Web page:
“When historical visual motifs are used in a contemporary photographic subject… they act as a confirmation that contemporary life carries a degree of symbolism and cultural preoccupation parallel with other times in history, and art’s position of being a chronicler of contemporary fables is asserted.”— Charlotte Cotton, The Photograph As Contemporary Art (2004)
These photographs demonstrate Parnell’s reflections on the transitory and fugitive aspects of life. Working primarily as a portraitist, Parnell’s work is concerned with the production of narrative meaning. She is particularly interested in allegory and ‘the shadow of forces unseen’ (her expression) within the frozen moment of photograph. The appearance and visibility of women in midlife is a recurrent theme in her work and through a process of re-working visual codes (some of them well known) she invites a reflection on the degree to which the body and its appearance in the world is constrained by convention and design. This series (which can be seen as a triptych) focuses on women who have experienced life-threatening illness. In one image a derelict environment becomes an alien setting, oppressively underscoring the frailty
of the physical world and the insecurity of the human subject. In another image a beautiful figure floats in a stagnant pool. Individual narratives are transposed into an allegorical form in which the gaze of the subject seems to acknowledge audience as a part of their experience of self and the construction of selfhood. Personal trials and their existential trace in the photographic frame become dreamlike scenarios. Parnell evokes a sense of other-worldliness, the unseen behind the seen, the transcendent and symbolic within the everyday. As these images approach the scale of history painting their narrative meaning increases in a way that invites comparison with other media including film or theatre. Drawing on Pre-Raphaelite imagery, the fusion of past types, the work sits on top of a history of art and representation to provide a variant of modern life.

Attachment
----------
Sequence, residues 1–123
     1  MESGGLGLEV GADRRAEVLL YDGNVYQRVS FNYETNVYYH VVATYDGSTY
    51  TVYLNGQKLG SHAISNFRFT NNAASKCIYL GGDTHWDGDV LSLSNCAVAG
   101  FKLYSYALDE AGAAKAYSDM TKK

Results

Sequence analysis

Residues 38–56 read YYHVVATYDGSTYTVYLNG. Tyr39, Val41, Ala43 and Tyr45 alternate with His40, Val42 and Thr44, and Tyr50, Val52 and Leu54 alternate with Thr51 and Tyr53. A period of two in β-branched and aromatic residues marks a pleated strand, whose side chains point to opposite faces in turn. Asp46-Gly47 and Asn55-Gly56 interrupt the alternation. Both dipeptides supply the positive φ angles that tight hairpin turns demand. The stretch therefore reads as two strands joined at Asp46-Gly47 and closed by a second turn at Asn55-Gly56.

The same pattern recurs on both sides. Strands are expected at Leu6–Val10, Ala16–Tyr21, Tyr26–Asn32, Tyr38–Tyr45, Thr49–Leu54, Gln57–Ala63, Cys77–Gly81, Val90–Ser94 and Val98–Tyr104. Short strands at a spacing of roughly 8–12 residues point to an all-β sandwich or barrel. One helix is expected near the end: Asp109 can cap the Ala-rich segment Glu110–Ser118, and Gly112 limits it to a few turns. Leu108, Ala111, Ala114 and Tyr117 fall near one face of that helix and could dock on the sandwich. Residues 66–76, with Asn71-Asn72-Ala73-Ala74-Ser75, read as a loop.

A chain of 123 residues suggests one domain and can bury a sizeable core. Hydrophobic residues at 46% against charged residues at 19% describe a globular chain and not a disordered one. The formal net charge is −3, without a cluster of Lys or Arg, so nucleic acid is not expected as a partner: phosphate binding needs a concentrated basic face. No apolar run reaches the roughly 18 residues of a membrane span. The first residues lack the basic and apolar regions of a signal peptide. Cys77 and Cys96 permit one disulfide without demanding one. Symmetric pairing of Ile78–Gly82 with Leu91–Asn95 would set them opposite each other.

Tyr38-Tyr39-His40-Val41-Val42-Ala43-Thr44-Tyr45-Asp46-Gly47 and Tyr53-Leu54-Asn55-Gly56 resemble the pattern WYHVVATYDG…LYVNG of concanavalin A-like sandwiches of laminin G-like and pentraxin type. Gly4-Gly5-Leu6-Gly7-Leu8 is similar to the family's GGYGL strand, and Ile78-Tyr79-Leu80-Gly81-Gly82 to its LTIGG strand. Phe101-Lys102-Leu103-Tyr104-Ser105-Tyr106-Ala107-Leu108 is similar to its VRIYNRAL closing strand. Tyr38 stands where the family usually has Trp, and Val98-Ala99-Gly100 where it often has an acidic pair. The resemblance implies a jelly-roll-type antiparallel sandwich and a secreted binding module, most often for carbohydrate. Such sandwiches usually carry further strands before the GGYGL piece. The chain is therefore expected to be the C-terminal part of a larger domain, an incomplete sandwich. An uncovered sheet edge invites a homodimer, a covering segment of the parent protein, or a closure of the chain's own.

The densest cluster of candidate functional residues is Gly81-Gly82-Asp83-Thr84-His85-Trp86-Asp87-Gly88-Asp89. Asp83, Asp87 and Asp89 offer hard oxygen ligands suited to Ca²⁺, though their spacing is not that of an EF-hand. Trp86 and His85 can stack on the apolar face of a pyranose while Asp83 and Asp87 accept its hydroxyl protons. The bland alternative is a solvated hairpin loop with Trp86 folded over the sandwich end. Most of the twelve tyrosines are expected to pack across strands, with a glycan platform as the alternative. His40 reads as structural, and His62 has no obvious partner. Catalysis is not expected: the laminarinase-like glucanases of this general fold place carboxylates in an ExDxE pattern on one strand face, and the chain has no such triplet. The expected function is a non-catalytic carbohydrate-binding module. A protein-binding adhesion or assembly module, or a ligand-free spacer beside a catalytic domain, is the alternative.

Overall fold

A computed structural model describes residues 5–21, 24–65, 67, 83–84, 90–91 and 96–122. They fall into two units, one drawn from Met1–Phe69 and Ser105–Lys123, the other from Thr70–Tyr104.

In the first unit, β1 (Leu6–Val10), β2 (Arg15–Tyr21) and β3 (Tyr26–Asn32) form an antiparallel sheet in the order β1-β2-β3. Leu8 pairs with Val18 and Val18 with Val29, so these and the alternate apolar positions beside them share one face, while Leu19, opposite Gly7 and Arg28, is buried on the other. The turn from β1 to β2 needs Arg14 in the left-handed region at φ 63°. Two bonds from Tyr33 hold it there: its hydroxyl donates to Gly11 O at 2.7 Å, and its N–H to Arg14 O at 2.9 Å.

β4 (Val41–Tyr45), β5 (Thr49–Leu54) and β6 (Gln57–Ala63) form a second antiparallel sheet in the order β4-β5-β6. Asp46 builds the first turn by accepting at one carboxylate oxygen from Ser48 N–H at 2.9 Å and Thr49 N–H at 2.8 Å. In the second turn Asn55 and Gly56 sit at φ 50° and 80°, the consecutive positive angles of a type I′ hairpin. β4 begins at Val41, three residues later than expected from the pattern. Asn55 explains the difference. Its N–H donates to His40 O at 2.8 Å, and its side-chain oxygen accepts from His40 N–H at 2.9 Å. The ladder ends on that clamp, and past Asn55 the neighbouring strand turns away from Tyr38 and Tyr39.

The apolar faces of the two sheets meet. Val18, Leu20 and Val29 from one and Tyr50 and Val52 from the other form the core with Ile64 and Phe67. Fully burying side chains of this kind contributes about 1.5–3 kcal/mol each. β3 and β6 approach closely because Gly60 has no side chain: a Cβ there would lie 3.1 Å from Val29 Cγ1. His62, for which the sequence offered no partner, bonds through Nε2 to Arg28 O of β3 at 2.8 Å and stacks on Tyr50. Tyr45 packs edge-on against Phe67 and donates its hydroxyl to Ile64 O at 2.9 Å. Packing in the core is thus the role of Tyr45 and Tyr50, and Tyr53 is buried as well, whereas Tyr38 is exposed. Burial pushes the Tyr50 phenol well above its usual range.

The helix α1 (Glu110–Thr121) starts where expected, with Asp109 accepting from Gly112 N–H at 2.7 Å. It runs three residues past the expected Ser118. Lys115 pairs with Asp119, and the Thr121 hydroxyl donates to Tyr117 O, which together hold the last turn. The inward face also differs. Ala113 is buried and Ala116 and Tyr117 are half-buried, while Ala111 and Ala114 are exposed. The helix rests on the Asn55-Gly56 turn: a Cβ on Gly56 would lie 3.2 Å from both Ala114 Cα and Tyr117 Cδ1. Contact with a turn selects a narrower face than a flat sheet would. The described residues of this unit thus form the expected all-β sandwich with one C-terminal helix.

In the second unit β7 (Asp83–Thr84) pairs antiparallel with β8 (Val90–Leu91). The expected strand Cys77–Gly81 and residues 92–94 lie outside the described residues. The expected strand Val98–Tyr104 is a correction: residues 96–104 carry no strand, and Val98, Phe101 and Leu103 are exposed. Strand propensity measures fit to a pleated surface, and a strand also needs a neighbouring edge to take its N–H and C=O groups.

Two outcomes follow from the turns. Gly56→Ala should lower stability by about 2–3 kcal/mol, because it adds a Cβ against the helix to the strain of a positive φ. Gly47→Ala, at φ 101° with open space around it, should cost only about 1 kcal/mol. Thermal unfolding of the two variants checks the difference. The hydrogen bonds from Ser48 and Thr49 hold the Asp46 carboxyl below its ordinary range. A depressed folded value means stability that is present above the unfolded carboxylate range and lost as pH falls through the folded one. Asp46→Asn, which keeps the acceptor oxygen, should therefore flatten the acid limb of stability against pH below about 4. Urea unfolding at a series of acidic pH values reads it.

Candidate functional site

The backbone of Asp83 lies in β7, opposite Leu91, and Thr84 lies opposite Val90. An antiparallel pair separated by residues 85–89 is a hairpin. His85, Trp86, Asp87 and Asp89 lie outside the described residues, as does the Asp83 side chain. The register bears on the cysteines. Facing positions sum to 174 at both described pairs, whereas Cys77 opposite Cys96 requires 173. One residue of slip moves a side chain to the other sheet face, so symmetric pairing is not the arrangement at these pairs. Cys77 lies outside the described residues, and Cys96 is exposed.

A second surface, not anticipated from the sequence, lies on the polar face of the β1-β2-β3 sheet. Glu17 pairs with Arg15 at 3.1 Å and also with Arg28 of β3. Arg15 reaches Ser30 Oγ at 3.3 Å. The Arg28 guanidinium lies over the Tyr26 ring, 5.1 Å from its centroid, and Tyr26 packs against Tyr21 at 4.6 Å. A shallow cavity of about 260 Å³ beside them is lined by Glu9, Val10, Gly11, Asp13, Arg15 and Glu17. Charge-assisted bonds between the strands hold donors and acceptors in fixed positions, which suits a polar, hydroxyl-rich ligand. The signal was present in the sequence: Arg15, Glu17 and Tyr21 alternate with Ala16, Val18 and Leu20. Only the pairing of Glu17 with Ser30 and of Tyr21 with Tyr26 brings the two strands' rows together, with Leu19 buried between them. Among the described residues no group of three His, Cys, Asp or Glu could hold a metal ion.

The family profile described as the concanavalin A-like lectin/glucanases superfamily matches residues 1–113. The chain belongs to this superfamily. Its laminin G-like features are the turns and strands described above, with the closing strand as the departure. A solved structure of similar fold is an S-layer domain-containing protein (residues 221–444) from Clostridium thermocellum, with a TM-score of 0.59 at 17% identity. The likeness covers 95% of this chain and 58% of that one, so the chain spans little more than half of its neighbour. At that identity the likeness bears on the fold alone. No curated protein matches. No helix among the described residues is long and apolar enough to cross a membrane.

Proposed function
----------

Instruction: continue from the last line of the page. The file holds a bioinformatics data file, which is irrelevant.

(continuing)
from catalogue notes
The Light Gallery, London, 2007
Pete Smith, Senior Lecturer
University of West London